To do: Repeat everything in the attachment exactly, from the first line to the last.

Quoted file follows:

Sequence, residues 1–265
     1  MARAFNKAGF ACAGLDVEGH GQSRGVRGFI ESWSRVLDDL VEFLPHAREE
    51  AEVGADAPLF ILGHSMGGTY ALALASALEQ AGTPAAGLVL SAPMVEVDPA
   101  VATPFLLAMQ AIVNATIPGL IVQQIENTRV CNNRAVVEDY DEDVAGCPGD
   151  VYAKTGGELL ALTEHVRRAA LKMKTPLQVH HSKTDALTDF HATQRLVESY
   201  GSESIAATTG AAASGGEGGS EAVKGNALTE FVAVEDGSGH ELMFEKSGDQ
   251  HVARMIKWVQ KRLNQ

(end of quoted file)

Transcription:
Sequence, residues 1–265
     1  MARAFNKAGF ACAGLDVEGH GQSRGVRGFI ESWSRVLDDL VEFLPHAREE
    51  AEVGADAPLF ILGHSMGGTY ALALASALEQ AGTPAAGLVL SAPMVEVDPA
   101  VATPFLLAMQ AIVNATIPGL IVQQIENTRV CNNRAVVEDY DEDVAGCPGD
   151  VYAKTGGELL ALTEHVRRAA LKMKTPLQVH HSKTDALTDF HATQRLVESY
   201  GSESIAATTG AAASGGEGGS EAVKGNALTE FVAVEDGSGH ELMFEKSGDQ
   251  HVARMIKWVQ KRLNQ